The new National Tendinopathy Centre (NTC), based at the Institute of Sport Exercise and Health (ISEH) is launching a large-scale study into tendinopathy. The study forms part of the ISEH’s commitment to answering challenging medical questions through research, and translating work with elite sports to benefit the general population.
What is tendinopathy?
In simple terms, tendinopathy refers to altered tendon structure. The complex tendon tissue changes typically result in localised pain, swelling and stiffness; these can be worse during movement, after activity, or even after rest. There can be associated small tears within the tendon, and changes to the surrounding structures. Early accurate diagnosis and tailored appropriate management provide the greatest chance of a successful outcome. However, a proportion of patients can struggle with the condition for months or even years. This in part reflects an incomplete understanding of tendinopathy amongst the scientific and medical community worldwide.
What are the aims of the Tendinopathy Centre?
Our aim at the NTC is to help all patients thought to be suffering with tendinopathy by applying current best clinical practice, while at the same time researching and advancing scientific understanding of tendinopathy, including underlying causes and mechanisms. This in turn is designed to help refine and develop new management strategies for sufferers, and to implement preventative strategies for those participating in activities that are known to currently result in higher prevalence of tendinopathy.
The ultimate aim is to reduce suffering and minimise time out of sport, work and other activities of daily living. Reducing ‘lay-off’ time can bring individual benefits including minimising loss of fitness, absenteeism from work, and the negative effect on health from an enforced sedentary lifestyle. Productivity and economic losses to employers, which can together run into millions of pounds nationally, can also be substantially reduced.
About the programme
The NTC sees people of all activity levels, from high-profile sportspeople and amateur athletes, through to less active patients wanting to return to normal daily activities and work.
Our research is currently focussing on Achilles and Patellar tendinopathy. Both conditions are very common among sports that involve running, jumping, pivoting and twisting. Among the general population, the incidence of Achilles tendinopathy has been found to be 2.35 per 1,000 people. However, a quarter of all athletes, and over half of all endurance runners, suffer Achilles tendinopathy at some point. It accounts for up to 17 per cent of all running injuries, with the highest prevalence amongst middle-aged men. Though a third of suffers are inactive people, with a lifetime cumulative incidence estimated to be 6 per cent. Patellar tendinopathy is most common among jumping athletes, affecting up to 20 per cent of this group. Males are twice as commonly affected as females.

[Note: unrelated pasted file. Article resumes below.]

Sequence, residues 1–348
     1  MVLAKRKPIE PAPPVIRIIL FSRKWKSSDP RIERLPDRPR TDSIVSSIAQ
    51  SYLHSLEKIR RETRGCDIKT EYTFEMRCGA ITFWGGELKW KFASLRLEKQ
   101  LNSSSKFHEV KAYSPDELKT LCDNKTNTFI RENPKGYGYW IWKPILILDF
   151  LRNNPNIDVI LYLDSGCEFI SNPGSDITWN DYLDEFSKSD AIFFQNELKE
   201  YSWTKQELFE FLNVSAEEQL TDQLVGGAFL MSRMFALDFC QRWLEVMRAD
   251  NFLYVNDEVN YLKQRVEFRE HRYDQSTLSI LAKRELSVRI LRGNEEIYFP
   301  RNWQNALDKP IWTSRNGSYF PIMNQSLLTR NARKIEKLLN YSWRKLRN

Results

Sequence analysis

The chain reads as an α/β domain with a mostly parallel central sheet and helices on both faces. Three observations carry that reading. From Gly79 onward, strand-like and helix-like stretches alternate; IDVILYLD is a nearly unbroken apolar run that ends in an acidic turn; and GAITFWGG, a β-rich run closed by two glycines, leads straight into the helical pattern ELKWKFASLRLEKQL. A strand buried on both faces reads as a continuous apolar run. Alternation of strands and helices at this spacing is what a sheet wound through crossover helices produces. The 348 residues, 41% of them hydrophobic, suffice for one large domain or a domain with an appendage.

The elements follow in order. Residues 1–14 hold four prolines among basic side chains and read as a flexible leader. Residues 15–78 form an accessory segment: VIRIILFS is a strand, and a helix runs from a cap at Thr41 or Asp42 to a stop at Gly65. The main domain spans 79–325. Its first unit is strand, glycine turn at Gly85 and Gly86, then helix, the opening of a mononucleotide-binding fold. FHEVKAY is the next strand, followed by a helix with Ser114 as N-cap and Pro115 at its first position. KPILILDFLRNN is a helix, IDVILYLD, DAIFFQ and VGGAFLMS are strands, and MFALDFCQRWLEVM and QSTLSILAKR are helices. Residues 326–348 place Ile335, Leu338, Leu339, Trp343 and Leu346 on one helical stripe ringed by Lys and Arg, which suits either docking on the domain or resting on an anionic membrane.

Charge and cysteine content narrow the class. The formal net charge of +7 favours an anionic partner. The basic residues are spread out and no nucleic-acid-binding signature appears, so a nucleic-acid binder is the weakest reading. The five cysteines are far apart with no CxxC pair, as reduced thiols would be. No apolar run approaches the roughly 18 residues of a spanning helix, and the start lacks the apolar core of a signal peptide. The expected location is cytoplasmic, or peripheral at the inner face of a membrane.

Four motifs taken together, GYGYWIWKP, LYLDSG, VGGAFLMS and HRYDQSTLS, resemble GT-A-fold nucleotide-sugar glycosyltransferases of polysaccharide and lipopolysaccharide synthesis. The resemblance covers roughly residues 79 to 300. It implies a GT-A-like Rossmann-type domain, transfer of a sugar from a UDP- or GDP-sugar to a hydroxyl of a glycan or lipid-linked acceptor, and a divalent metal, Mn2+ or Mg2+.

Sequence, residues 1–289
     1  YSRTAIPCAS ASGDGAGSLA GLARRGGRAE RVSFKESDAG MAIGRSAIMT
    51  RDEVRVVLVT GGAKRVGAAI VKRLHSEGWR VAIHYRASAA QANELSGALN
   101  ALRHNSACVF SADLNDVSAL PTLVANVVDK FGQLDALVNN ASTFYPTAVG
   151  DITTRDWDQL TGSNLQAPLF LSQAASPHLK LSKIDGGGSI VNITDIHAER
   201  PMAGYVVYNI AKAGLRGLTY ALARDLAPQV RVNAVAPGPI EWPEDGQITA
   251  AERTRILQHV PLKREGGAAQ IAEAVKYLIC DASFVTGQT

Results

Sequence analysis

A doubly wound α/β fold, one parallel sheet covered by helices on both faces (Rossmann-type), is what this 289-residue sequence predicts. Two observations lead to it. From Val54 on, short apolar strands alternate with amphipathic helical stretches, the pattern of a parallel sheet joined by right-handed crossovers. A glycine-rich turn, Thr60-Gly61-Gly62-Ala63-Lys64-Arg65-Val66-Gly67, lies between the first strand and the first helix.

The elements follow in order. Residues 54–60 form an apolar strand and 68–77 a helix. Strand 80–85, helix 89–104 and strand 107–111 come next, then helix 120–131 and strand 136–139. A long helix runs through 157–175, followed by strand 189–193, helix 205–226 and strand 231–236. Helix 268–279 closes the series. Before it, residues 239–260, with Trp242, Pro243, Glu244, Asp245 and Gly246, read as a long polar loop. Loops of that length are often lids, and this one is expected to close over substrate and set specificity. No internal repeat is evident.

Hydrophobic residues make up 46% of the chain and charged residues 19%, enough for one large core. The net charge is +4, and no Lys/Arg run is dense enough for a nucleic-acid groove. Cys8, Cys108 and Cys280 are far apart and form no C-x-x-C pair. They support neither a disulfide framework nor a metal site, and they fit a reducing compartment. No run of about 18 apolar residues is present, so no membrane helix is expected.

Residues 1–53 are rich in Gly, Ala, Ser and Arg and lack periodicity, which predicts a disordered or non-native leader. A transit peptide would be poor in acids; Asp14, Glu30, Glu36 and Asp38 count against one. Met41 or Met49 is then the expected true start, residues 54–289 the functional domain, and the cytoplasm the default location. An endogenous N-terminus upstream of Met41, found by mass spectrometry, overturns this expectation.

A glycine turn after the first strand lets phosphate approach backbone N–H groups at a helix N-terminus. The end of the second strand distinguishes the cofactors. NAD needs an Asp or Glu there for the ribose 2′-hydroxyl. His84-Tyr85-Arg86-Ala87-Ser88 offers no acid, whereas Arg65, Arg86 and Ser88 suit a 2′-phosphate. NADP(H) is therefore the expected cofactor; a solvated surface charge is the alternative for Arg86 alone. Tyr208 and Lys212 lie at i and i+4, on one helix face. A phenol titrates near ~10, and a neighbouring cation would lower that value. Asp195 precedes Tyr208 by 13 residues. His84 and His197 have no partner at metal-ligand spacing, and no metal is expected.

There are dozens of known risk factors for both conditions. Though, as our understanding is far from complete, there are likely to be many factors that we have yet to uncover. The study team at the NTC provides an in-depth patient evaluation, including a thorough medical, physical and performance assessment. Routine and novel imaging options, including ultrasound tissue characterisation, are available, and the option of blood sampling for future genetic analysis in relation to tendinopathy is offered. By studying and analysing a very large dataset, the causes and development of the condition can be explored, and new prevention and treatment options identified. The research is intended to be ongoing, with patients being recalled for follow-up and further evaluation as the study progresses and new information or discoveries come to light.
New therapeutic approaches may well be considered appropriate and offered as part of clinical practice or a clinical trial. Outcomes will be monitored for the benefit of the patient and medical research.
How can I take part in the study?
The NTC encourages referrals of patients suffering with tendinopathy from all sources, including:
- UK GPs, who can refer to UCLH on Choose and Book.
- Community and secondary care NHS clinics.
- Private clinics.
- Professional and amateur sports clubs.
Referrals can be faxed (020 3447 9958) or e-mailed to Maureen.email@example.com, marked for the attention of Dr Bhavesh Kumar, ISEH.
The research team
The NTC team comprises doctors, physiotherapists and surgeons, in collaboration with partners in medical informatics, cellular biology, genetics, biomedical science and imaging. Steering committee members include Dr Bhavesh Kumar, Mr Bruce Paton, Dr Mike Loosemore, Dr Courtney Kipps, Dr Noel Pollock, Dr Vishal Nangalia, Dr Akbar de Medici, Mr Aria Ghassemi, Mr Michael Oddy, Dr Margaret Hall-Craggs, Prof. Hugh Montgomery, Prof. Monty Mythen, and Prof. Fares Haddad.
Are there opportunities for collaboration?
We welcome collaboration with institutes that have a special interest and similar ambitions with tendinopathy, thereby increasing the clinical and research dataset. Current partners include the English Institute of Sport and Barts Health NHS Trust.
For more information please email the research team firstname.lastname@example.org